For a Just Peace in Palestine

17th April 2002

Like Christians everywhere, we, the Catholic Bishops of Aotearoa/New
Zealand hold a special place in our hearts for the Holy Land and its
peoples. It is the world of our Scripture, the birthplace of our faith,
and the homeland of Christ in whom we hope. Indeed it is a Holy Land for
three of the world's great faiths.

And so it is with deepening anguish that we follow the escalation of the
conflict in occupied Palestine, the increasing violence, the destruction
of life and property, and the violation of the rights of individuals and
of peoples.

Attacks on innocent civilian lives, wherever they occur, are to be
condemned outright. They violate in the most extreme way the absolute
dignity of humanity and of every person. In this light, the actions of
Palestinian suicide bombers can only be abhorred.

Yet no less abhorrent are the actions of any state which does not
"safeguard the inviolable rights of the human person" 1 but which also
takes innocent lives.

We understand the fear which has beset the Israeli people as they have
witnessed so many horrible attacks on the innocent among them. Innocent
Palestinian people have lived with the same fear for the fifty years in
which their lands and villages have been occupied and expropriated by
others, while they themselves have been reduced to the status of
refugees in their own homeland. Our brother Bishop, Michel Sabbah, Latin
Patriarch of Jerusalem, throughout his unceasing work for peace and
inter-religious dialogue, has repeatedly made clear that it is the
occupation of Palestine by Israel - not terrorism - which is the root
cause of the problem.2

Israel has in recent months launched the most repressive attacks on the
populations and towns of occupied Palestine. These territories have been
isolated and cut off from one another. Tanks and bulldozers have
destroyed homes and the basic amenities which support the life of the
community. Civilian lives have been taken, and extra-judicial killings
carried out. Whole populations have been cut off from food, water, and
medical treatment. The media has been excluded and humanitarian and
human rights workers restricted as they have tried to bring aid and
communicate to the world what is happening in the occupied Palestinian
territories.

The word "terrorist" has become a label, used to justify retaliatory
acts of terror. In an occupied land, has the Israeli force over recent
weeks, or indeed since 1967, inspired any less terror than the
Palestinian suicide bombers whom they seek to destroy?

Across the world, governments, organizations and individuals are calling
upon Israel to step back from its path of escalation and destruction. We
join with them in calling Israel to a series of actions which may give
justice and peace some chance:

Withdraw immediately from all areas of the West Bank and Gaza;
Begin to dismantle the settlements established in Palestinian
territories in violation of the Oslo Agreement;
Allow journalists, humanitarian aid agencies and human rights workers
free access to the occupied territories;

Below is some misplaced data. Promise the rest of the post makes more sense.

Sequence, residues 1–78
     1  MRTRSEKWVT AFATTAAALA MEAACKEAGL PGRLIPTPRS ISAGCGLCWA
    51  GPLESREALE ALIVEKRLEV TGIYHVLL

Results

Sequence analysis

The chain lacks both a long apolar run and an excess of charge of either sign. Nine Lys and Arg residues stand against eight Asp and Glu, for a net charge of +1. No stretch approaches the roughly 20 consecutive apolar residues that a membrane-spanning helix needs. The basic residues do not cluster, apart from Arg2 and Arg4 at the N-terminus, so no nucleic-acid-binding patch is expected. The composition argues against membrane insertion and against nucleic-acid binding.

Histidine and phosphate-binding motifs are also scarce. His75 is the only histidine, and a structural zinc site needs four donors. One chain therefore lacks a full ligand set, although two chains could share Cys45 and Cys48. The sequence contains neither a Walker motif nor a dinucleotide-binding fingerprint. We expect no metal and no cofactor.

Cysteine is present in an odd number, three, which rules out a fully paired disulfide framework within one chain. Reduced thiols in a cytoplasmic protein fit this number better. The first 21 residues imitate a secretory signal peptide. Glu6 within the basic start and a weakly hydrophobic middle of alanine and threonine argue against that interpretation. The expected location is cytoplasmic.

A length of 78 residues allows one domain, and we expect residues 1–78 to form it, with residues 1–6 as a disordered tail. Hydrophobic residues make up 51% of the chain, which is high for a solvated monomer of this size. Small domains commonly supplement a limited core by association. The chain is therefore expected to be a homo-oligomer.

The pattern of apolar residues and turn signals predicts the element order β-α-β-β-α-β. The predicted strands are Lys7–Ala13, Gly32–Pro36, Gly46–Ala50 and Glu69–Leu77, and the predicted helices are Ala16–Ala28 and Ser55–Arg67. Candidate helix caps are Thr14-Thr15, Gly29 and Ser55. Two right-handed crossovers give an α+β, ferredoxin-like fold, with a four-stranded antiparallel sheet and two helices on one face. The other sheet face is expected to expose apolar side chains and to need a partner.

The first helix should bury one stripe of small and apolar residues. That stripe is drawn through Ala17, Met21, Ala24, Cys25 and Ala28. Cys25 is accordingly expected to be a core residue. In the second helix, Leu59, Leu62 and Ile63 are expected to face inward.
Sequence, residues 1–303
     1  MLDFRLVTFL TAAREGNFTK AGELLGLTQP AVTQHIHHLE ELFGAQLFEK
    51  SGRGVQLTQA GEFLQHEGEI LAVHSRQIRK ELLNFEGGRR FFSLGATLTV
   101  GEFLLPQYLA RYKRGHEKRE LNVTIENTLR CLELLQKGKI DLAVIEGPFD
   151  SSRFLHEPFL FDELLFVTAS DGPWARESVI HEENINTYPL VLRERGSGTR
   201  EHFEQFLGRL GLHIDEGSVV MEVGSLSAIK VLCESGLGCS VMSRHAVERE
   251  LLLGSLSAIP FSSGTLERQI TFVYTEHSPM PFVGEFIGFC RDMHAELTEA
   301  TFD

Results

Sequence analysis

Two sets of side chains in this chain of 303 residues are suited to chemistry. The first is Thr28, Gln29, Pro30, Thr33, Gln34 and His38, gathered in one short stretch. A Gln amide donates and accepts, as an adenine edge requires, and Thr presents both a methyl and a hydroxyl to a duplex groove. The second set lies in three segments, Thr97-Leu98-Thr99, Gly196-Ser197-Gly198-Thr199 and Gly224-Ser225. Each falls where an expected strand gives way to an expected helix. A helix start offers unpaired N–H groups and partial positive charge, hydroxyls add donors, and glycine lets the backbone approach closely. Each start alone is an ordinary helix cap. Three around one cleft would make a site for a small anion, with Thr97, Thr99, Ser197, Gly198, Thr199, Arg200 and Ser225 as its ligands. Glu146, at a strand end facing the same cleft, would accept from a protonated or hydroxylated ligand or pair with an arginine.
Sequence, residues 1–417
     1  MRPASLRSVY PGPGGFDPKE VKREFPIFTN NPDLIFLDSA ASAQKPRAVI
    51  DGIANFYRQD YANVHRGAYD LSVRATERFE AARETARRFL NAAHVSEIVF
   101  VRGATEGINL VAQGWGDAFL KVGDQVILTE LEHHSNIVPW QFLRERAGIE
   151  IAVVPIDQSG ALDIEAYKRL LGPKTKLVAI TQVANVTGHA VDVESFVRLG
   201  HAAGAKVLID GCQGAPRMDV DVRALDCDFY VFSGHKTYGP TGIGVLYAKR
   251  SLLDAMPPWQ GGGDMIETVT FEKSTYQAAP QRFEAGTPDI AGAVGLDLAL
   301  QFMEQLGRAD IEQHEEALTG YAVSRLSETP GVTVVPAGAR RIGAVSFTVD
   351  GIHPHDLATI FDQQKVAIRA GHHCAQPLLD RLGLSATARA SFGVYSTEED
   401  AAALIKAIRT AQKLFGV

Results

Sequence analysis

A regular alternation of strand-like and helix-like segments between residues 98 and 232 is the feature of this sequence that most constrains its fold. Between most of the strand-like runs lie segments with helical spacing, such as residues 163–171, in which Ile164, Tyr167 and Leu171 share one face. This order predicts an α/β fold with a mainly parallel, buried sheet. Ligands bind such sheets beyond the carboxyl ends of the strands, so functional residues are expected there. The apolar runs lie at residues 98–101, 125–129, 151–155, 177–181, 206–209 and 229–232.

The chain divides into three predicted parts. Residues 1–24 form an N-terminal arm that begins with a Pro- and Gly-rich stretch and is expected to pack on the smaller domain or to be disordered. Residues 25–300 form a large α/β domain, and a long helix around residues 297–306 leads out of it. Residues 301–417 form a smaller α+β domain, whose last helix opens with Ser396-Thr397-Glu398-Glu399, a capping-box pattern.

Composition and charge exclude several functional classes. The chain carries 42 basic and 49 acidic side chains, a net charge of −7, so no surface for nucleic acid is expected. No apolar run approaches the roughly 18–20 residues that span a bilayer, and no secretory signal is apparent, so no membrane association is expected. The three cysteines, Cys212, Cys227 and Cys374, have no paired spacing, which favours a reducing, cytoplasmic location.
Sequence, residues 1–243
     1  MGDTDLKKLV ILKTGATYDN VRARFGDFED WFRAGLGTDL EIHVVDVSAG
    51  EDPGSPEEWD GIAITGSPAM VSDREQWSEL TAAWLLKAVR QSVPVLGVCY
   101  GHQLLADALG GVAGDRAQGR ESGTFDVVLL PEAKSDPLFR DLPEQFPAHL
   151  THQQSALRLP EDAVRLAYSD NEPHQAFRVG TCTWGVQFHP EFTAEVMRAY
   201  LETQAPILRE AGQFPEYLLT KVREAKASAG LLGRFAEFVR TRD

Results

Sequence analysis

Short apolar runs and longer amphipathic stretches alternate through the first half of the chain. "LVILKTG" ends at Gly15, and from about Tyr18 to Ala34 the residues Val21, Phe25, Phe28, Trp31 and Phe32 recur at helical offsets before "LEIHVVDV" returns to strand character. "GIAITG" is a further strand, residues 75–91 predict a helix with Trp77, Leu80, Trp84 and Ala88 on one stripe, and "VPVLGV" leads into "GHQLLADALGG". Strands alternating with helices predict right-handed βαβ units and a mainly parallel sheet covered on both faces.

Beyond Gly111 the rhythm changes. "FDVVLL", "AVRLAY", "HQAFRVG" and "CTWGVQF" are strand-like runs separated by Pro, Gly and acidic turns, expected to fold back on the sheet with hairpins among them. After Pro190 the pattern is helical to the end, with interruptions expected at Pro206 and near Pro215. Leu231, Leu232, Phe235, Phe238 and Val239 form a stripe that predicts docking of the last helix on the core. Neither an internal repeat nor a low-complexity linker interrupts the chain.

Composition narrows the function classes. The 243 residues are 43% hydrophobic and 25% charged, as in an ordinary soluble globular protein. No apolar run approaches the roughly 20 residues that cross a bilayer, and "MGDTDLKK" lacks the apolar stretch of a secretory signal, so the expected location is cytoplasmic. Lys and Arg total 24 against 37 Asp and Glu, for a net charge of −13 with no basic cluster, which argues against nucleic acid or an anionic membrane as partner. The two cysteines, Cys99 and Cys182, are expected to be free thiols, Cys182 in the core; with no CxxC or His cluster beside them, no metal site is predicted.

Agree to an international peace-keeping force as called for by UN
Secretary General Kofi Annan and the Vatican.
Equally we call upon Palestinians to abandon the targeting of innocent
Israeli civilians. These actions are morally indefensible, and only
serve to escalate the conflict. They undermine both the legitimate cause
of the Palestinian people and any prospect for peace.

No amount of repression, occupation, or military force can dim the
desire of a people to live with dignity and freedom in their homeland.
In our own region the people of East Timor have provided powerful
witness to that desire in their long struggle to determine their own
future. We affirm the right of the Palestinian people to find dignity
and freedom through the establishment of an independent state, which
surely can be denied them no longer. Their freedom will also be freedom
for Israel - freedom from fear, and the opportunity to move on from a
conflict which has haunted the state of Israel since its birth. Justice
will bless both peoples with peace.

In New Zealand we are a long way from the conflict. Distance does not
separate us from responsibility for action. As Christians we must stand,
as Christ did, beside those who suffer, who are poor, powerless, or
oppressed. We urge all Catholics to learn more about the causes of the
current situation in the Holy Land, and to reflect upon this knowledge
in the light of the Gospel. We ask you to share your knowledge and
reflection with other New Zealanders, and to take whatever prayerful
action you consider to be needed. We encourage you to make an individual
commitment to prayer, and to find ways to join together in prayer in our
parishes.

In this Eastertide, as we celebrate the greatest miracle of all,
together we must seek a miracle for the peoples of the Holy Land.

+ Peter J Cullinane Bishop of Palmerston North
President

+ Leonard A Boyle
Bishop of Dunedin

+ Denis G Browne
Bishop of Hamilton

+ John J Cunneen
Bishop of Christchurch

+ John A Dew
Auxiliary Bishop of Wellington
Secretary

+ Owen J Dolan
Coadjutor Bishop of Palmerston North

+ Patrick J Dunn
Bishop of Auckland

+ Max T Mariu SM
Auxiliary Bishop of Hamilton

+ Robin W Leamy SM
Emeritus Bishop of Rarotonga

+ Cardinal Thomas Williams
Archbishop of Wellington

References:
1 Pacem in Terris, 60.
http://www.vatican.va/holy_father/john_xxiii/encyclicals/documents/hf_j-xxii
i_enc_11041963_pacem_en.html

2 Caritas Internationalis Statement on Palestine, 5 April 2002.
http://www.cafod.org.uk/news/palestine_caritas20020405.shtml